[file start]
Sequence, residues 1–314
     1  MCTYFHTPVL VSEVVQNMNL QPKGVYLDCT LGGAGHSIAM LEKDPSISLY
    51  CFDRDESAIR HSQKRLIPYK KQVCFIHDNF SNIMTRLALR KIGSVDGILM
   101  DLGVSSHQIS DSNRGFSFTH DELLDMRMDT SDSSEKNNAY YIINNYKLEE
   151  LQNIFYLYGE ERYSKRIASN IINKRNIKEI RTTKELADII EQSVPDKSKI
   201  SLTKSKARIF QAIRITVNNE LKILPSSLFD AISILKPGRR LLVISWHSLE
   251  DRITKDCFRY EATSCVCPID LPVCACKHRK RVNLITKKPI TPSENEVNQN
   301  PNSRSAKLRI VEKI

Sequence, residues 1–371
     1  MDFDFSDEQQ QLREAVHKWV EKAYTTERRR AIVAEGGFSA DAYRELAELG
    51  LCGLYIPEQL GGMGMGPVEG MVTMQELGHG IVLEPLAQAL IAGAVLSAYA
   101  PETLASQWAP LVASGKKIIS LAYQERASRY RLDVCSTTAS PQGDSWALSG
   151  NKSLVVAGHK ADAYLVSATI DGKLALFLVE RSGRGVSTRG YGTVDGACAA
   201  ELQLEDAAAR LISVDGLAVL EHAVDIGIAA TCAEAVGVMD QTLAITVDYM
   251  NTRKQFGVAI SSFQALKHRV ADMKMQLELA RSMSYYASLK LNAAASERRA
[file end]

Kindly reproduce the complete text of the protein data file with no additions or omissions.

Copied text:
Sequence, residues 1–314
     1  MCTYFHTPVL VSEVVQNMNL QPKGVYLDCT LGGAGHSIAM LEKDPSISLY
    51  CFDRDESAIR HSQKRLIPYK KQVCFIHDNF SNIMTRLALR KIGSVDGILM
   101  DLGVSSHQIS DSNRGFSFTH DELLDMRMDT SDSSEKNNAY YIINNYKLEE
   151  LQNIFYLYGE ERYSKRIASN IINKRNIKEI RTTKELADII EQSVPDKSKI
   201  SLTKSKARIF QAIRITVNNE LKILPSSLFD AISILKPGRR LLVISWHSLE
   251  DRITKDCFRY EATSCVCPID LPVCACKHRK RVNLITKKPI TPSENEVNQN
   301  PNSRSAKLRI VEKI

Sequence, residues 1–371
     1  MDFDFSDEQQ QLREAVHKWV EKAYTTERRR AIVAEGGFSA DAYRELAELG
    51  LCGLYIPEQL GGMGMGPVEG MVTMQELGHG IVLEPLAQAL IAGAVLSAYA
   101  PETLASQWAP LVASGKKIIS LAYQERASRY RLDVCSTTAS PQGDSWALSG
   151  NKSLVVAGHK ADAYLVSATI DGKLALFLVE RSGRGVSTRG YGTVDGACAA
   201  ELQLEDAAAR LISVDGLAVL EHAVDIGIAA TCAEAVGVMD QTLAITVDYM
   251  NTRKQFGVAI SSFQALKHRV ADMKMQLELA RSMSYYASLK LNAAASERRA